Corporate privatizers are salivating at the postal service’s $65 billion annual revenue. It’s part of the war on the public good, a drive to smash public worker unions while privatizing services that belong to the people. In October, the USPS announced a no-bid, sweetheart deal to open postal counters in more than 80 Staples stores. The Staples postal counters are less secure than public post offices and they are staffed with low-wage Staples employees. The U.S. Postal Service and Staples plan to expand this “pilot” project to 1,500 Staples locations nationwide, while the USPS eliminates public post offices. 

MARCH - International worker's day march - MARCH

May 1st International Workers Day March in Saint Paul has been endorsed by AFSCME Local 34. This year we will march on Thursday, May 1 at 3:00 pm in Saint Paul. We’ll gather in front of the Governor’s Mansion and march to the State Capitol for a rally. We’ll send Governor Dayton and the State Legislature a message that immigrants in Minnesota need equal rights, starting with the ability to get a driver’s license. We’ll also stand up for a livable wage for all workers, for an end to deportations and the separation of immigrant families, and for immigration reform.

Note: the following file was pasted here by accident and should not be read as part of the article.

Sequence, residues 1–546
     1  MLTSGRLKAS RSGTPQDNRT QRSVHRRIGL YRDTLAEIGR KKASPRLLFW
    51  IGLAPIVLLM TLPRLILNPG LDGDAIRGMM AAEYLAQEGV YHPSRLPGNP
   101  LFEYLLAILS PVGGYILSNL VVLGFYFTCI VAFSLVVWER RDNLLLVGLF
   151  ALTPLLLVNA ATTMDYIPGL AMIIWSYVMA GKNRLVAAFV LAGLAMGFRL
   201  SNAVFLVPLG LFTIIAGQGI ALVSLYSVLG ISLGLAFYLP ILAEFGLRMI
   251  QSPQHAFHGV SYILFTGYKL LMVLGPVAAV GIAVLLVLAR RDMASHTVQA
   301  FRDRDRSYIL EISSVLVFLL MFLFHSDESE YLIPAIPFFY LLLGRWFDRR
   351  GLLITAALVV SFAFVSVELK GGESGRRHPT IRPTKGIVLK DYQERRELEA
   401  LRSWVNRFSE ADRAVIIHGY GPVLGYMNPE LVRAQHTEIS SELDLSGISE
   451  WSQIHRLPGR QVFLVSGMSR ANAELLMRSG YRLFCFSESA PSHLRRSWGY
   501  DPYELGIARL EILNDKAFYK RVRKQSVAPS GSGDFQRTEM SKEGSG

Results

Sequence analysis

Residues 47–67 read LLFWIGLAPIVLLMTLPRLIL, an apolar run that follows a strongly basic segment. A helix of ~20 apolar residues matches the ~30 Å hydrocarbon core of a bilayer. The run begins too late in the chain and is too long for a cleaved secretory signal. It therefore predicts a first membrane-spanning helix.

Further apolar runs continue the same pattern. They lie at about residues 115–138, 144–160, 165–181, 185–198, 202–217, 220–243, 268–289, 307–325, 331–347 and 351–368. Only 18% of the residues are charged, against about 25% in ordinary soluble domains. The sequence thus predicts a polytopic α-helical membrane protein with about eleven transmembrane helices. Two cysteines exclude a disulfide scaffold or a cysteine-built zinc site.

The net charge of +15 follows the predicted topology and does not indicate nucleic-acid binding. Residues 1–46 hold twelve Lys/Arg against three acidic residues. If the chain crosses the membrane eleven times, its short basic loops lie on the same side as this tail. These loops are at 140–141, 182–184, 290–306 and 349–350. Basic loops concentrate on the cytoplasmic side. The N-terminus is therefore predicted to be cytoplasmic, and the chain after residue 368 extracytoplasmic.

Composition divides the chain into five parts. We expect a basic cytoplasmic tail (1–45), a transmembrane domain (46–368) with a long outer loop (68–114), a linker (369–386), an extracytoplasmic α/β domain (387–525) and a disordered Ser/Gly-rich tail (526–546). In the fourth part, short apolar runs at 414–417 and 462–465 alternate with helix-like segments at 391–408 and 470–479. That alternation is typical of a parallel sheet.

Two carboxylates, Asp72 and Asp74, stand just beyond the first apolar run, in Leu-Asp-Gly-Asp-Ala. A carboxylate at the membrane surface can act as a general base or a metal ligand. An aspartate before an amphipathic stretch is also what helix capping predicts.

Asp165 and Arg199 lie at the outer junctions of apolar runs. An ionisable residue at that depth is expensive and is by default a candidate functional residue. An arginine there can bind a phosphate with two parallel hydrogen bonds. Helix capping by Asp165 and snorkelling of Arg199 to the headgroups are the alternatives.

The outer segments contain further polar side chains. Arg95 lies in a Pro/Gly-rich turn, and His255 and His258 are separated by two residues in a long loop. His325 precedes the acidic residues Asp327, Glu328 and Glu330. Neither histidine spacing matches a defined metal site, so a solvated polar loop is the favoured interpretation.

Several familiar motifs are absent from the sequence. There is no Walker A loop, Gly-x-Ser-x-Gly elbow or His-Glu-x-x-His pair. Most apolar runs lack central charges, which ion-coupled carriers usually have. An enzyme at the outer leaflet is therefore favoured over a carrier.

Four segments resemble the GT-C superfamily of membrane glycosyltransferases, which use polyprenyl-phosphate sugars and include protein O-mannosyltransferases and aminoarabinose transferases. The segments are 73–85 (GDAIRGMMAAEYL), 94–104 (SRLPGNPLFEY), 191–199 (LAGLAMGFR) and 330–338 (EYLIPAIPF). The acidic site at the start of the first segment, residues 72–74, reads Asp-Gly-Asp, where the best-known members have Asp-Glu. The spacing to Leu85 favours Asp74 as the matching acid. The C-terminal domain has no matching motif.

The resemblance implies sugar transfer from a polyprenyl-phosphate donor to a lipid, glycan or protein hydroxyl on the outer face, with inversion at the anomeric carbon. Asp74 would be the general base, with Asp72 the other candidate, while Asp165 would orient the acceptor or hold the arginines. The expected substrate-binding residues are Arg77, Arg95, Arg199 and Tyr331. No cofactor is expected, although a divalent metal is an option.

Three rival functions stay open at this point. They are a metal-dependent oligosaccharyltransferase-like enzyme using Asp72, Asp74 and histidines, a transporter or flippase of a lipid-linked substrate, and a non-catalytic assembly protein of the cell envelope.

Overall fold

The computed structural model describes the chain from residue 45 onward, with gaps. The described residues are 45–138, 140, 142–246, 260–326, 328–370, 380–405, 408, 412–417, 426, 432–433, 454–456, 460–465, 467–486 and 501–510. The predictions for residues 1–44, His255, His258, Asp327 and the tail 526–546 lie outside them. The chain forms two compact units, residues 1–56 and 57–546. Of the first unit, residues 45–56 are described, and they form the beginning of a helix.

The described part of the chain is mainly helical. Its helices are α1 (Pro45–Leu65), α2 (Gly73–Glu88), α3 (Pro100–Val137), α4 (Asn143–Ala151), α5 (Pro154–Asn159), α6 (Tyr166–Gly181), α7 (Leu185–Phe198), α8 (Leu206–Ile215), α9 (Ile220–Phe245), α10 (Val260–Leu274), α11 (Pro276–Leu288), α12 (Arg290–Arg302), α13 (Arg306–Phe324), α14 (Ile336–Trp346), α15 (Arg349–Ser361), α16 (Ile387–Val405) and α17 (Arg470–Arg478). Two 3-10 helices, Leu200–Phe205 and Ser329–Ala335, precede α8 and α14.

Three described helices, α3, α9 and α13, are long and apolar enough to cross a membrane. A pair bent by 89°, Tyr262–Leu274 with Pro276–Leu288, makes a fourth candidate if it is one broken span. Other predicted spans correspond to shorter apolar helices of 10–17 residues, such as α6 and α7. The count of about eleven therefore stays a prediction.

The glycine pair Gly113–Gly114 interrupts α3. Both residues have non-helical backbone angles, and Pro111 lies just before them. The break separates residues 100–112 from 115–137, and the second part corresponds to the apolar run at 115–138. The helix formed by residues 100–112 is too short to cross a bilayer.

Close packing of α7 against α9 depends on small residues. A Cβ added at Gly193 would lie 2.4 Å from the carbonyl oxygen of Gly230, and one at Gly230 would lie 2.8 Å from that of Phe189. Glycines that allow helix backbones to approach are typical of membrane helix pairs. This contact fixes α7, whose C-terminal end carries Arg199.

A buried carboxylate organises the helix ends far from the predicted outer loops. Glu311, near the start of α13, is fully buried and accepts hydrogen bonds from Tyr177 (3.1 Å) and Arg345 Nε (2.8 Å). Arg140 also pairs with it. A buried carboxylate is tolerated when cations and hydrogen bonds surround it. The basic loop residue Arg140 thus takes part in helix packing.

We think it’s more important than ever to demonstrate the unity of workers of all races and nationalities, unionized and non-unionized workers, people of all genders, all united. Please RSVP and share the event on facebook to help spread the word.  


The “Stamp Out Hunger Food Drive” is scheduled for Saturday, May 10, 2014. You can help the National Association of Letter Carriers (NALC) be part of the solution just by leaving a bag of non-perishable food items by your mailbox! This year marks the 22nd year of the NALC (National Association of Letter Carriers) “Stamp Out Hunger” national food drive. Last year’s food drive provided more than 950,000 meals for those in need in our community. In 22 years, this food drive has become the nation’s largest food drive, with more than 1.3 billion pounds of food delivered to 10,000 communities to help those in need. Want to help? Simply place non-perishable, non-breakable food items near your mail box for your letter carrier to pick up on Saturday, May 10. The earlier you start saving, the more generous you can be!